I'd be asking them for lunch and making it very clear I expected them to stay and make an effort for a few hours

matilda I want them to want to do that though...its that they are not bothered that hurts me

canyouforgiver - that's interesting re when my cousins start having DCs....i never thought about that....so will be interesting to see how the dynamic changes

I just try and make Christmas as good as possible for my own dcs, and creating special memories for them etc

Enjolrass Sun 06-Dec-15 19:12:48

I took it as they aren't invited because they stopped going.

Are you saying your aunt invites everyone and you are not invited, even if you wanted to go....you can't?

Oldraver Sun 06-Dec-15 19:16:15

My parents would rather go to America every Christmas than spend it with their grandchildren..I'm not sure if it pisses me off or its just that I see it as a missed opportuntity...I wouldn't pass up the chance to spend Christmas with my DC's or GDC's (obviously if invited) but think that I may not get many chances to do that (DS1 IS 30 but no children, DS2 is 10).

I know there were reasons in the first few years as they worked part of Christmas Day and I didnt want to travel miles to them and wanted DC to have Christmas in their own house... but certainly for the past 18 years they have made the decision to NOT come to us or invite us to their house

EponasWildDaughter Sun 06-Dec-15 19:20:04

How old are your DC OP?

I have to say that personally i was delighted to have the excuse to stay at home and do my/our own thing once i began to have my own family, so it's hard to imagine feeling the way you do.

Your parents have been going to their brother/sister for xmas, taking you, their DC with them each time until you were old enough to make the decision about where to go yourself. I cant see them changing anything now.

I wouldn't pine about my parents' company too badly if they aren't that bothered about seeing their DGs on xmas day. Start making your own fun family traditions in your own home now, for your DCs to remember
flowers

Squeegle Sun 06-Dec-15 19:26:30

How often do you see them the rest of the year? Are they nearby?

Littlef00t Sun 06-Dec-15 19:36:37

It sound like the don't live far or live on the way to your aunt and uncle. Would they consider staying overnight on the day before Xmas eve?

I agree that if they don't want to, it's their loss and there's no point trying to force them into doing something they don't want to.

It's a real shame.

Imustgodowntotheseaagain Sun 06-Dec-15 19:46:14

flowers for you, OP. You want them to want to see you and your children but you can't make this happen.

Can you focus on your own little family? You me tioned being stir-crazy. How about a Christmas tradition where you go for a walk, or even to church for a Christmas Day carol service? If you feel that you lack company, have you any friends you could invite for the day? Or for a totally off-the -wall idea, if you are near a university, many overseas students can't afford to go home at Christmas and would love to join a traditional family Christmas.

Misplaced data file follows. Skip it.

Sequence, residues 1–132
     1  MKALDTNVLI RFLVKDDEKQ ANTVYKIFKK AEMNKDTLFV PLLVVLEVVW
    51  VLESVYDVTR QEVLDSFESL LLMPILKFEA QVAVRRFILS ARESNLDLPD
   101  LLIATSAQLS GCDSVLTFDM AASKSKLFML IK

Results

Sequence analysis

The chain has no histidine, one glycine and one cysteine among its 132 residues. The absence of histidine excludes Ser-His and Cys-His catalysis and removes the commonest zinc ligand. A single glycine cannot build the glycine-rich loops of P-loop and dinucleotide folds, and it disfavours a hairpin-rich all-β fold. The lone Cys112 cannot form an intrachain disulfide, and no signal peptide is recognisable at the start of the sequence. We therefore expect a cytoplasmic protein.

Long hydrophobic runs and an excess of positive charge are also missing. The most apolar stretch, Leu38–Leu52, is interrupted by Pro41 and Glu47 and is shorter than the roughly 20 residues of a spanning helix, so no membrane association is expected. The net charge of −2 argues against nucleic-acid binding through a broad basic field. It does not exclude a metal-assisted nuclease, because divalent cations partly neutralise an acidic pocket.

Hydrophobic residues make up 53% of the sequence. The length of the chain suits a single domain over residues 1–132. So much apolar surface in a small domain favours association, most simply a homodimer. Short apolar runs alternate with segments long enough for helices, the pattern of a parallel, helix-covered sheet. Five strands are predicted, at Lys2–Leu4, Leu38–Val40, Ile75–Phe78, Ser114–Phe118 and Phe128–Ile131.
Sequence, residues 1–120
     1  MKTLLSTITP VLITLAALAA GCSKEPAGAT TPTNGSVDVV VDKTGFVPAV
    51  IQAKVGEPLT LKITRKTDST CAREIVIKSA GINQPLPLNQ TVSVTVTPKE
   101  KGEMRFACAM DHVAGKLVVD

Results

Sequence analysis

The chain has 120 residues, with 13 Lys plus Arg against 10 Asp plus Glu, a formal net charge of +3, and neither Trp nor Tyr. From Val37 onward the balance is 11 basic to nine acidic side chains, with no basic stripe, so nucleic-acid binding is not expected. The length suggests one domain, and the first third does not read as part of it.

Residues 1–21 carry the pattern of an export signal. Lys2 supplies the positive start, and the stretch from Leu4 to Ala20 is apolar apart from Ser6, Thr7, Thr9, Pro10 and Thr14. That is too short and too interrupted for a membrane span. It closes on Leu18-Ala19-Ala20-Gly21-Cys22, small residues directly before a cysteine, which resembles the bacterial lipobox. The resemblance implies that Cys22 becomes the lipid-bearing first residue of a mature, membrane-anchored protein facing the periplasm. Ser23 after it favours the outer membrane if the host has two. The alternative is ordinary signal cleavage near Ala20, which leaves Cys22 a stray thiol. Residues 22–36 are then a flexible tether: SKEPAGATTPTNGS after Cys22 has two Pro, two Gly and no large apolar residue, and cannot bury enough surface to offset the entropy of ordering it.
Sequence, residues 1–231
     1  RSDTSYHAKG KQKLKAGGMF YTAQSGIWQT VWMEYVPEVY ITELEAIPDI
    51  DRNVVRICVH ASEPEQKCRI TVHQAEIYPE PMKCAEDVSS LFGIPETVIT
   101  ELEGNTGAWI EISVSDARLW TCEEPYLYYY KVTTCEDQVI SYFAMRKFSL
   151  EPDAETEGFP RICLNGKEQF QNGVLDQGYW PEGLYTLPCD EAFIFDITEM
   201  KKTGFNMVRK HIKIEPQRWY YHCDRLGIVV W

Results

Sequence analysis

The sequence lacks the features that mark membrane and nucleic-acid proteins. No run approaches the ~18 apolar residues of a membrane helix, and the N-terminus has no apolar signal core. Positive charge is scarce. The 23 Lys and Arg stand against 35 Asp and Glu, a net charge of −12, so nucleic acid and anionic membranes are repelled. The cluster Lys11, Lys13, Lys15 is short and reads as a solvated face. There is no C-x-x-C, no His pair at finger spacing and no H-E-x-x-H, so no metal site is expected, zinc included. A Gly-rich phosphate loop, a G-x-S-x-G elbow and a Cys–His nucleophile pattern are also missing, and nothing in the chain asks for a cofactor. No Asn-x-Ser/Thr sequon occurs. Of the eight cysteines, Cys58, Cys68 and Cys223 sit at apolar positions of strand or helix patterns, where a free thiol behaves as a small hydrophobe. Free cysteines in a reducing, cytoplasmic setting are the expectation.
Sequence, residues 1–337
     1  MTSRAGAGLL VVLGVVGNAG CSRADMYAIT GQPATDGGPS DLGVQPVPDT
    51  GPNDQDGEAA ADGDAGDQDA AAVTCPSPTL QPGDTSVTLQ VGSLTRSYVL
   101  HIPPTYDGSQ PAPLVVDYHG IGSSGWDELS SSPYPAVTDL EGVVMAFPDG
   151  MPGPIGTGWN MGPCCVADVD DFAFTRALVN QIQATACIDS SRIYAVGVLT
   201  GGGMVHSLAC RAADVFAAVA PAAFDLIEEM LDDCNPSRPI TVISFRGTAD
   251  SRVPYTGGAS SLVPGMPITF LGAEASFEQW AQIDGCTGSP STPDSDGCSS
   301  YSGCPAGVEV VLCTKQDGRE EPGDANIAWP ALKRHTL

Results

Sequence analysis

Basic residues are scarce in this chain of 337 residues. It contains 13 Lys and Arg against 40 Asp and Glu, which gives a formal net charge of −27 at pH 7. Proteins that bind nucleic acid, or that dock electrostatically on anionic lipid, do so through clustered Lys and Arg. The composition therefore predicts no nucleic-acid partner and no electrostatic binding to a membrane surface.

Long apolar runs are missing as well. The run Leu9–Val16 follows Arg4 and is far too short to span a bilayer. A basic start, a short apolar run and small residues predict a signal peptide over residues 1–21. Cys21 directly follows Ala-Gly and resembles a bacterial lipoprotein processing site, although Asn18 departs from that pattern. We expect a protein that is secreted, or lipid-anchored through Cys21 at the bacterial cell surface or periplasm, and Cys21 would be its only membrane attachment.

BeachysFlipFlops Sun 06-Dec-15 19:48:27

Could you rent a holiday cottage near where they go for four days between Christmas and NY?

Or if you stay at home, in terms of making the days as a family better, why not shake it up and do it differently so take croissants and a flask of hot chocolate and walk over lunchtime and then have a meal at 3pm?

Sgtmajormummy Sun 06-Dec-15 20:08:31

I agree with the holiday cottage idea. www.cottages.com have a whole range of prices and I've had some good Winter breaks with them.

It sounds like this is upsetting you so much it world be worth creating a budget for next year and having the all-out family Christmas you've been missing.

flowers fsmile

Nanny0gg Sun 06-Dec-15 20:37:38

Why don't you see/invite PiLs instead?

Canyouforgiveher Mon 07-Dec-15 00:07:16

Why don't you see/invite PiLs instead?

That is what I would do -switch your Christmas allegiance to your in laws or yourselves and then leave your parents off.

but if, in a few years time, they want to spend xmas with you because now Christmas at aunt's is all about her new grandchildren (because that will happen) then I wouldn't be all over trying to include them.

scarlets Mon 07-Dec-15 15:37:52

I can imagine how hurt you are.

Some people might find a day or two with three small children rather wearing, preferring a more chilled and grownup festive period, particularly those who work full-time or those who have health problems. Could your aunt and/or her husband be that way inclined?

I agree with others about enjoying what you have, and creating your routines.

Re: Christmas Eve - perhaps with three children you're giving off a madcrazybusy vibe and your parents feel that they don't want to impose and create more work? I'd formalise it, and tell them that you're putting on a brunch and would love it if they stayed for a couple of hours.

Daisysbear Mon 07-Dec-15 15:42:04

That does seem sad. I would have expected, as their children grew up and grandchildren arrived, that your parents would be prepared to change the old tradition.

When I was a child our house was the gathering place for relatives for Christmas dinner, but that gradually changed with marriages, children, people moving away etc.

Christmas traditions are lovely, but they have to be flexible to meet changing dynamics, even if it's sad to see some of them go.

YANBU

sparklesandglitterxx Mon 07-Dec-15 18:54:06

just wanted to quickly pop on and say thanks for the replies...have briefly skimmed at work ....will read through properly later x

Stellar67 Mon 07-Dec-15 19:03:31

It's very hard. Been through it with the inlaws. We stuck to our guns, kept inviting them every year, and they do come to us now.

Meantime make your own memories. Enjoy what you have and at 4pm, pour youself a large one wink

I have done the holiday cottage, it worked that year as we'd lost a family member. We all needed the time out, and helped future years.